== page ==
Whatever it is that they are equipped and prepared to do.

I wish, in short, to empower people, and inspire them to find their own creativity - as all the authors I've read in my life empowered me to do. And I do sometimes find out I did this with one of the books. I remember one school visit seeing a board game, made as a class project, based on Switching Well. Kids draw pictures illustrating their favorite books; sometimes I get to see one of mine. Sometimes I'll hear incidentally of kids who tried something one of my characters did; or of a teacher who incorporated searching for locations from Switching Well into a trip to downtown San Antonio. This sort of thing doesn't pay the bills, but is more of a visceral thrill than getting a check. It feeds a different part of the self. One, frankly, that is normally kept hungry.

The urge to empower creativity in others was a major motivator behind making Widespot (that, and playing with a different storytelling medium at a time when I couldn't reliably handle text): I wanted to see what people would do with the characters and situations I handed them. I was mostly thinking about how they'd play out the storylines in their different games, looking forward to seeing how they'd resolve the immediate dilemmas I handed them, and then the secondary consequence of it further down the line - the genetic bottleneck resulting from the Hart family's breeding simultaneously into every other family in that tiny, tiny town.

But they do a lot more than that. My chief playtester designs clothes for the characters, as well as expanding their backstories. One player, who writes quite well, started documenting her game in illustrated story format on her Live Journal, developing the characters as richly and individually as anyone could ask. Furthermore, when she decided she needed family pictures, she went to considerable trouble to create them - pictures of a dead character, of a teen character as a toddler, an old character in his prime, adults in their teens. Another, whose creative urge is to build worlds, remade the entire neighborhood as a Stone Age settlement! These are all things I could never do, which would never have occurred to me, which now exist because of me. Hardly earthshaking - but real.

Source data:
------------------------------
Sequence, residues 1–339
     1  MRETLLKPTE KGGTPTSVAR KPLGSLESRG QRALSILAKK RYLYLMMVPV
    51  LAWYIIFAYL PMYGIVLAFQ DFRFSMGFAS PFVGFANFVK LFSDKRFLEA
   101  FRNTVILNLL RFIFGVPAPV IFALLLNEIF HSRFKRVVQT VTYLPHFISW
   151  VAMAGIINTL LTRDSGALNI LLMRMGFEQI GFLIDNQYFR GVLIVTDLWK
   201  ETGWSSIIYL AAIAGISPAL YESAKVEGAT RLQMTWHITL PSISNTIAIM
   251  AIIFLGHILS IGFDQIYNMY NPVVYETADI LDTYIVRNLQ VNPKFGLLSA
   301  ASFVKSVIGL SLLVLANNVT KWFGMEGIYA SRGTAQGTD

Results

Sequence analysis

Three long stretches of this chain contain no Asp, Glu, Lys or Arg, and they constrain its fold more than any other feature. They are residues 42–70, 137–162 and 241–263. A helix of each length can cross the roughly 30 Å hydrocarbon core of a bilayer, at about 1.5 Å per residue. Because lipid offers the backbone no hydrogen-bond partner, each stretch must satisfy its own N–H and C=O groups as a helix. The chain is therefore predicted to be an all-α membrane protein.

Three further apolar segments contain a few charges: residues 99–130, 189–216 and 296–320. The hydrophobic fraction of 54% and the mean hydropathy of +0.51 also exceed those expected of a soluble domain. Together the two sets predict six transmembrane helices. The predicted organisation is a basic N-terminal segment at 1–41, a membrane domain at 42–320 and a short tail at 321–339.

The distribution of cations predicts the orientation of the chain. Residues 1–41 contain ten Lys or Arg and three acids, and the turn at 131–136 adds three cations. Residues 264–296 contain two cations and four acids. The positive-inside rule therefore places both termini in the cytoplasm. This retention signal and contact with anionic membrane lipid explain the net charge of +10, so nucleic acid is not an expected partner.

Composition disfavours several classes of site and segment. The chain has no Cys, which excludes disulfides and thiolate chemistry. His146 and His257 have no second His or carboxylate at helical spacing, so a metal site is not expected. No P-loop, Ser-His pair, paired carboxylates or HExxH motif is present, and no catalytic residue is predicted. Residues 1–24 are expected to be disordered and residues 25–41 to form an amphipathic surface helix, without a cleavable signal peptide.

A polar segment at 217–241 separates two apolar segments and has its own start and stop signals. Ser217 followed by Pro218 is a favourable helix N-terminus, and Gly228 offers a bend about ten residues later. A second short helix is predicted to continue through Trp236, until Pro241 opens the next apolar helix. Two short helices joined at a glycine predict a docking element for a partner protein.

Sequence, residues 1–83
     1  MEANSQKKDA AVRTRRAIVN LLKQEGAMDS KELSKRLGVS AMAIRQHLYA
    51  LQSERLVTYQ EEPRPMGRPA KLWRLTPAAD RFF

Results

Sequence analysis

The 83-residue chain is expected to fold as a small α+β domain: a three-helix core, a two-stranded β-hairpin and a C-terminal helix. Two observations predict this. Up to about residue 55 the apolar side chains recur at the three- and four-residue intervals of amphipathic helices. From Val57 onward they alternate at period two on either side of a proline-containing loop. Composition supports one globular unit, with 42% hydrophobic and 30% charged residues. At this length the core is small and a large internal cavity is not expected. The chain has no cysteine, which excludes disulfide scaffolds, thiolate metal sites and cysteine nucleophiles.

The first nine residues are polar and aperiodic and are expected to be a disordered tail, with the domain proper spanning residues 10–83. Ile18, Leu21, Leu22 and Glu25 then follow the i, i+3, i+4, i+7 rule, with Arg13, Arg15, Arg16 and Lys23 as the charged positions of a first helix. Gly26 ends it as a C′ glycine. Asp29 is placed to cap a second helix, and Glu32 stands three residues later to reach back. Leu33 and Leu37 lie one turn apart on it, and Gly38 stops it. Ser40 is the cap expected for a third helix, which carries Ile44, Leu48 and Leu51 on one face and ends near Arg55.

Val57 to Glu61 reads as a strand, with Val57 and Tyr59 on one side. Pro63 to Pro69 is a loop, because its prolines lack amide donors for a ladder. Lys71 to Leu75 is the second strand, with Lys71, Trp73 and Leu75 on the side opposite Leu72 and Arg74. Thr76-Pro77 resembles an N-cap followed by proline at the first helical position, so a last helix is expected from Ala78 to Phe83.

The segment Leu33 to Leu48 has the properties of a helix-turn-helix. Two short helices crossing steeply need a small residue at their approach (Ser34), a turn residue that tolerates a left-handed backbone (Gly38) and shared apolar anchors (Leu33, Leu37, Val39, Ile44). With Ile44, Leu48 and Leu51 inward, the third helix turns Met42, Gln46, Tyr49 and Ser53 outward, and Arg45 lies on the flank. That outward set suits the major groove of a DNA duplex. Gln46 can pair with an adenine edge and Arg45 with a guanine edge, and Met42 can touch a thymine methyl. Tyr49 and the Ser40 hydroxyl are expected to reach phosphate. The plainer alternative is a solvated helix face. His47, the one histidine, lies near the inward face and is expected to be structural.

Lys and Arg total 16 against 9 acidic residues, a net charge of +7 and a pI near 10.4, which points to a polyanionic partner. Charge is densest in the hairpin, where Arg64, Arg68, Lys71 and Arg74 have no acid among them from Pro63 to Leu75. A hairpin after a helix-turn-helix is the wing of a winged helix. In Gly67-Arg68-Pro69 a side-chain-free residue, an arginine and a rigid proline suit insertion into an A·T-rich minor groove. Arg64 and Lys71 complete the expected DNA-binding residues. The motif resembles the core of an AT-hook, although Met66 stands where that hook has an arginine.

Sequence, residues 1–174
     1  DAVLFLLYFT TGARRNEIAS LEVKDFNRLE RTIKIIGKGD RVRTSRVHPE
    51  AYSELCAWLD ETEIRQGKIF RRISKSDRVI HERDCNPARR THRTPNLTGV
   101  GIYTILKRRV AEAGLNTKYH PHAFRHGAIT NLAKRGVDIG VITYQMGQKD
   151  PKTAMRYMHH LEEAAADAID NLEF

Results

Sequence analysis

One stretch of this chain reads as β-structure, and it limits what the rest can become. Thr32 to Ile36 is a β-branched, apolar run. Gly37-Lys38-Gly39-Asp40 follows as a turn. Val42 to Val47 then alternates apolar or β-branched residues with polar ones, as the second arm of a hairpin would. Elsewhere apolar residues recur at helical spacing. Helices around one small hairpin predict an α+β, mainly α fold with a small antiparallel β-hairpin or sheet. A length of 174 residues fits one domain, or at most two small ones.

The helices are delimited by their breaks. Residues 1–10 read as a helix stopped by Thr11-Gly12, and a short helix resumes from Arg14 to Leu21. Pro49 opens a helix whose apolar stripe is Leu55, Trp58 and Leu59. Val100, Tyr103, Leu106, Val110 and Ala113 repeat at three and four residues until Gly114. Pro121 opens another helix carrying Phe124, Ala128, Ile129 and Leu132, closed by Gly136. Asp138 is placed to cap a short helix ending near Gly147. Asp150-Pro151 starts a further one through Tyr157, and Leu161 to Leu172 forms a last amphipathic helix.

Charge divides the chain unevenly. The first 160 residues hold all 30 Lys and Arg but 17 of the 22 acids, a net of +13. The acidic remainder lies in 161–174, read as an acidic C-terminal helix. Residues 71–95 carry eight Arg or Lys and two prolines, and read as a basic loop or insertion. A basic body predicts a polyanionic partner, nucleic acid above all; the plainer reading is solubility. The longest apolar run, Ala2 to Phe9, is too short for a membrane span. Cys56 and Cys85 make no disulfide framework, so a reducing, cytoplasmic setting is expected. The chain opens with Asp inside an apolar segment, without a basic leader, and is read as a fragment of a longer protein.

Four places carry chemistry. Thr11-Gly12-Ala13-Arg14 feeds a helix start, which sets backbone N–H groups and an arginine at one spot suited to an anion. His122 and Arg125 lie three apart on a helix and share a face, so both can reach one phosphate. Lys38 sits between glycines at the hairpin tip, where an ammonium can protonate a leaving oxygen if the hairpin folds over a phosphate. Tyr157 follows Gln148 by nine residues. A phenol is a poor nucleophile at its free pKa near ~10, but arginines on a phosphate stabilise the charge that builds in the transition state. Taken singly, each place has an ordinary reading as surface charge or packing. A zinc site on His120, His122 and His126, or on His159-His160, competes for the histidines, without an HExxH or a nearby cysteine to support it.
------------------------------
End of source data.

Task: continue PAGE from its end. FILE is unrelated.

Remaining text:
Real enough to tide me over, to get me through the days when the idea of sending yet another query to yet another agent makes me want to scream and tear my heart out; through the days when solving the plot problem seems, not impossible, but not worth the effort because at the moment I can't believe I can ever get another book through the publishing process.

Which is the moral of the story. Primary goals, by their nature, are big and elusive and time consuming. You have to work on them constantly. But you have a right to nourishment; and secondary goals may be more achievable, short term. They're worth making a side trip or two for, as long as you don't lose sight of your primary goal.

And you should check your goals occasionally. Because sometimes you haven't stated your primary goal correctly. But that's another topic for another day.